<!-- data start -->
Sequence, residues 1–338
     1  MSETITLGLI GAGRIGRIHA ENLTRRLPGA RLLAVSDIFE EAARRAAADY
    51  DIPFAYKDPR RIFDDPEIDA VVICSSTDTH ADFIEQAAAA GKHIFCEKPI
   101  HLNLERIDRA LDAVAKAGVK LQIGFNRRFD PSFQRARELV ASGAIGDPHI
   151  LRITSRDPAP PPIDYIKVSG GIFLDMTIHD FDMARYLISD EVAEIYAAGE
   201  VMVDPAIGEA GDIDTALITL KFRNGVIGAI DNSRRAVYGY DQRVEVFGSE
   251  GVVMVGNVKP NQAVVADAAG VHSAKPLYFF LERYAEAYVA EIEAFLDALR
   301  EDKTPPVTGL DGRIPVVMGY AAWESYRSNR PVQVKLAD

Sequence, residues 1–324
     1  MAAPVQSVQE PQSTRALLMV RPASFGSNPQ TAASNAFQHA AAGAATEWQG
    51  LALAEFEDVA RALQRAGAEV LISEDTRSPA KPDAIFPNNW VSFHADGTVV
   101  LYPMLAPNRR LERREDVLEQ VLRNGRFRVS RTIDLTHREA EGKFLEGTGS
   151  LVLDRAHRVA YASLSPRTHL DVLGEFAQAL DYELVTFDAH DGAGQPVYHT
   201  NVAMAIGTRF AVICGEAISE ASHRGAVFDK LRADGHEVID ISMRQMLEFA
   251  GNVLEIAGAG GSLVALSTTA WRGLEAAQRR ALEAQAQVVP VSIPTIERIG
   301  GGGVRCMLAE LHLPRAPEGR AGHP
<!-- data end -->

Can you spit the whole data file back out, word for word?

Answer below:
Sequence, residues 1–338
     1  MSETITLGLI GAGRIGRIHA ENLTRRLPGA RLLAVSDIFE EAARRAAADY
    51  DIPFAYKDPR RIFDDPEIDA VVICSSTDTH ADFIEQAAAA GKHIFCEKPI
   101  HLNLERIDRA LDAVAKAGVK LQIGFNRRFD PSFQRARELV ASGAIGDPHI
   151  LRITSRDPAP PPIDYIKVSG GIFLDMTIHD FDMARYLISD EVAEIYAAGE
   201  VMVDPAIGEA GDIDTALITL KFRNGVIGAI DNSRRAVYGY DQRVEVFGSE
   251  GVVMVGNVKP NQAVVADAAG VHSAKPLYFF LERYAEAYVA EIEAFLDALR
   301  EDKTPPVTGL DGRIPVVMGY AAWESYRSNR PVQVKLAD

Sequence, residues 1–324
     1  MAAPVQSVQE PQSTRALLMV RPASFGSNPQ TAASNAFQHA AAGAATEWQG
    51  LALAEFEDVA RALQRAGAEV LISEDTRSPA KPDAIFPNNW VSFHADGTVV
   101  LYPMLAPNRR LERREDVLEQ VLRNGRFRVS RTIDLTHREA EGKFLEGTGS
   151  LVLDRAHRVA YASLSPRTHL DVLGEFAQAL DYELVTFDAH DGAGQPVYHT
   201  NVAMAIGTRF AVICGEAISE ASHRGAVFDK LRADGHEVID ISMRQMLEFA
   251  GNVLEIAGAG GSLVALSTTA WRGLEAAQRR ALEAQAQVVP VSIPTIERIG
   301  GGGVRCMLAE LHLPRAPEGR AGHP